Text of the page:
Thursday, November 28, 2013

A day of gifts, community and thanks.

The gifts of this day 'o thanks from the princess...

My mommy

This Village (that plays games, read stories, makes faces during worship, teaches sewing and piano, goes hiking, loves endlessly)

The West Wing (yes, she loves this show)

New toys in the dining hall

Woody Ball (a crazy game of bowling, dress up, dodge ball and capture the flag brought to the village by a family that learned it in Korea)

Birdseed Salad

My in(village) family, my out(village) family

Being healthy

Chocolate covered strawberries

The gifts of this day 'o thanks from the pastor...

Pals to turkey trot with, a daughter old enough to enjoy the running


Face-paint turkeys (being a mother constantly means rising to the occasion...even if the occasion is face painting a decent turkey)
Happy Thanksgiving! 

Sensational brunch; fresh fruit and truffles

Sun crawling over the mountain on our wild games of Woody ball

The miracle of a mid-day hot shower

Bright, ringing bell choir

Feast meal; family style dessert sharing

Prayers of thanks for everything we can think of…grace for all we forgot

Banangrams (I may have an addiction)

Sore legs and a not-so-sore back

Resting under a fuzzy blanket with my overly-tired daughter

Tuesday, November 19, 2013

A frame to hold you.

For those who do not live in a monastic community in the mountains and attend daily worship -- this reflection may seem particularly bizarre.  "Liturgy" is a big 'ole church word used to describe the rhythm, flow, up and down of any worship service.  Hopefully, the idea of taking the ordinary and making pausing to be grateful and present it not such a bizarre notion.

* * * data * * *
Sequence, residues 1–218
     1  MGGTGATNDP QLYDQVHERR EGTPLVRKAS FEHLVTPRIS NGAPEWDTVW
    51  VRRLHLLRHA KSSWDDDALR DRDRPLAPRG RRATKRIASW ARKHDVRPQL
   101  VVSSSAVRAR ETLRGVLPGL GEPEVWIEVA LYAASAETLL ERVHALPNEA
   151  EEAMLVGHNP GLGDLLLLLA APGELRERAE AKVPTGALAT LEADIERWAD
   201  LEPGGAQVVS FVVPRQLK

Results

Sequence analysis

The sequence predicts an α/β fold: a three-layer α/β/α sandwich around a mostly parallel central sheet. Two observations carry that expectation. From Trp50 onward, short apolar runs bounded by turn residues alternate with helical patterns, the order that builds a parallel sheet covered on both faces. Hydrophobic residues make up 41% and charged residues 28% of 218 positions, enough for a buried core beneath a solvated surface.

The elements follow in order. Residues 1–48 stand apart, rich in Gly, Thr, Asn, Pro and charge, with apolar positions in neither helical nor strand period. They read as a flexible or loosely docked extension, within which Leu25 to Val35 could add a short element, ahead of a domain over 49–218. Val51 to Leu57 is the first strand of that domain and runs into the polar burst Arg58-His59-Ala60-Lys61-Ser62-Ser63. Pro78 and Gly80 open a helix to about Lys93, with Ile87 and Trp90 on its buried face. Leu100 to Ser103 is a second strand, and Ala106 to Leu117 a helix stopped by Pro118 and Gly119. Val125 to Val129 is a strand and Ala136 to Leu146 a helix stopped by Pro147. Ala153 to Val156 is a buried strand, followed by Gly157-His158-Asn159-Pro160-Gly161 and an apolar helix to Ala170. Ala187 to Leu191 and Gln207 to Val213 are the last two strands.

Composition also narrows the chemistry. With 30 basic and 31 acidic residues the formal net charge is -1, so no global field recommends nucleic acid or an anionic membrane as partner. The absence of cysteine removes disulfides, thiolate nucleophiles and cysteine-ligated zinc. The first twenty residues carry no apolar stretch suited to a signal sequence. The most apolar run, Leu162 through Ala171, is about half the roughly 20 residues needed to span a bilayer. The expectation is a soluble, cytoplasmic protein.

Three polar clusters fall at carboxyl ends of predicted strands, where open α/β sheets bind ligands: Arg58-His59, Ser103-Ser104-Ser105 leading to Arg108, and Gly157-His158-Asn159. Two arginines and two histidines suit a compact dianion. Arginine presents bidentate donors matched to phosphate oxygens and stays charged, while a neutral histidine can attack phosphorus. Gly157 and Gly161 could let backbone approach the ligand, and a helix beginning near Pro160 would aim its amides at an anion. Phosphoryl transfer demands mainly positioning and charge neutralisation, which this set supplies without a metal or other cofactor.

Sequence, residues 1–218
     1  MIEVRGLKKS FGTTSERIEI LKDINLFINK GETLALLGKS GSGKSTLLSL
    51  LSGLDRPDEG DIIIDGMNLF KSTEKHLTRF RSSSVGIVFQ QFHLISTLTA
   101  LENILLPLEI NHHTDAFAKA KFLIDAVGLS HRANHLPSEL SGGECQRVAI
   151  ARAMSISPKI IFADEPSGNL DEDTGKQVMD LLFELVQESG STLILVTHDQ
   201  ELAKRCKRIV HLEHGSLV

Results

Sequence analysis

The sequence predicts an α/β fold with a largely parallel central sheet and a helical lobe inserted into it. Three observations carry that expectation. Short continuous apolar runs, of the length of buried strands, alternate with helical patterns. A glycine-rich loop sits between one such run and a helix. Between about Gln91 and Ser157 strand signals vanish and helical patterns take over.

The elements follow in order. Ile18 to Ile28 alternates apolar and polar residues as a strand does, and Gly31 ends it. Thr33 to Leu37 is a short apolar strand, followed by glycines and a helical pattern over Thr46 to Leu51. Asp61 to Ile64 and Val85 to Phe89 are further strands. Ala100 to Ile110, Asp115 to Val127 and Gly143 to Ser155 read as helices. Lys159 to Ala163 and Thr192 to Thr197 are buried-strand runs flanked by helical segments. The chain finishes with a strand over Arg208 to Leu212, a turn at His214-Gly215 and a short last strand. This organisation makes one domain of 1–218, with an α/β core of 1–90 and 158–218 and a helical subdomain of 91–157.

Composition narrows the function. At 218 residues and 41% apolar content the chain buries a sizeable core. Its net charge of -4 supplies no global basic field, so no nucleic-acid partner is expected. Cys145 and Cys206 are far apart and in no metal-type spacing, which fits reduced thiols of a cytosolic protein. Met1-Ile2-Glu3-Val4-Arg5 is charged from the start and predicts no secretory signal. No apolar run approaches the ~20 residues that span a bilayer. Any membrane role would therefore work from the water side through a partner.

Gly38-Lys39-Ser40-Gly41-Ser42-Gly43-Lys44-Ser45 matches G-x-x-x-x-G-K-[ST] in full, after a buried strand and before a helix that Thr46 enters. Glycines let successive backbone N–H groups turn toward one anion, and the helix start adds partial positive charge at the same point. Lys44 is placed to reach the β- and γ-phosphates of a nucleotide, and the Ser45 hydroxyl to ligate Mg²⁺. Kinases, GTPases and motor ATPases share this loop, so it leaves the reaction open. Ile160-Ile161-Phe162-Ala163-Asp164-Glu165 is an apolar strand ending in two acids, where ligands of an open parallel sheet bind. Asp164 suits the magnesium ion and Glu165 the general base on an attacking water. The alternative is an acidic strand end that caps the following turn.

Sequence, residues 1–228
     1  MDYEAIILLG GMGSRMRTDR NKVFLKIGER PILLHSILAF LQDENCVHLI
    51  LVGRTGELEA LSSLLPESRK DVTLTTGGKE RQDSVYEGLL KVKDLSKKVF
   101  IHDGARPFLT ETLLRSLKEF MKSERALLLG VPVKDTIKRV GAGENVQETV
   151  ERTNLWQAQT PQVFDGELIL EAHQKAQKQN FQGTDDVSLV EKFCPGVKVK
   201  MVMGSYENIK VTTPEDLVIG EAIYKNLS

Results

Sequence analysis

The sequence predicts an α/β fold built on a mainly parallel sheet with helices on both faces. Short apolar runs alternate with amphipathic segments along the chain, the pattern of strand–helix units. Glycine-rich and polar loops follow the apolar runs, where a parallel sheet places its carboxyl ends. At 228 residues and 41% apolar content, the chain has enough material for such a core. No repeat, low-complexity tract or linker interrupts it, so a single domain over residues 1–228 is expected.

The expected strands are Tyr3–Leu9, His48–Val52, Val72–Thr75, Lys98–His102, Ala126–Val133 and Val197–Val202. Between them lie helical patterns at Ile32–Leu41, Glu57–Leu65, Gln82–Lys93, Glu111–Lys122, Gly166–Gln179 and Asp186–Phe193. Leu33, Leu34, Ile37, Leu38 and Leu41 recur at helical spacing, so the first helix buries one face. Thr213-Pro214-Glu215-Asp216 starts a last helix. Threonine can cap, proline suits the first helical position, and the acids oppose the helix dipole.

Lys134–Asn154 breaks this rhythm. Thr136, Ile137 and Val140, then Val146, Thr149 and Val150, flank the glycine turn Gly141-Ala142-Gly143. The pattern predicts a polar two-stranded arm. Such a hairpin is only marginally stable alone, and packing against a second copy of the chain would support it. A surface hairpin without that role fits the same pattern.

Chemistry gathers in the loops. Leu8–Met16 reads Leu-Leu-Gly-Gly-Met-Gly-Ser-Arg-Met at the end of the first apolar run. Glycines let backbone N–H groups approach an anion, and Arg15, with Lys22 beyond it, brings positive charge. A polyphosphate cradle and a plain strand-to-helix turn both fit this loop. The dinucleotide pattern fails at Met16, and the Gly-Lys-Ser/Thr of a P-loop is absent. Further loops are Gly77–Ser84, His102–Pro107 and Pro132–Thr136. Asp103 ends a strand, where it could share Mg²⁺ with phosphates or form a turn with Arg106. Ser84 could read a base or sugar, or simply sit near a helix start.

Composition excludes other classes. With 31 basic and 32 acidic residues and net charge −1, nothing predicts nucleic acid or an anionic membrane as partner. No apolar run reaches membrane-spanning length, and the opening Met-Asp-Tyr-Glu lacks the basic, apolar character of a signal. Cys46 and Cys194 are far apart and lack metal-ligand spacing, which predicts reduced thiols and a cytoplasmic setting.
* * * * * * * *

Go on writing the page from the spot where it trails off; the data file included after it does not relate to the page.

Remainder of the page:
Last week my daughter brought home an activity she learned at school.  She instructed me to create a square using my pointer fingers and thumbs of both hands.  She then covered my eyes, turned my head and lifted my finger-frame in front of my face.  “Now…open!” she squealed.  I gazed past my dry, cracked skin into the frame that now held a small portion of the snow-capped
mountains above us and the rushing creek below us.  We were standing in the middle of the covered bridge that crosses Railroad Creek, a place where it is impossible to take in all the beauty of the earth.  It is a place we see nearly every day while living in Holden Village.  Looking through my finger-frame brought focus to the wonder; the border that suddenly appeared around the snow dusted pine gave clarity and importance to details that would otherwise be missed.  Even framing my sweet girl’s face helped me to see the masterpiece that was held in the frame, her deep brown eyes were somehow more enchanting.  All these sights: commonplace and extraordinary, overwhelming and yet captured in the frame of my hands.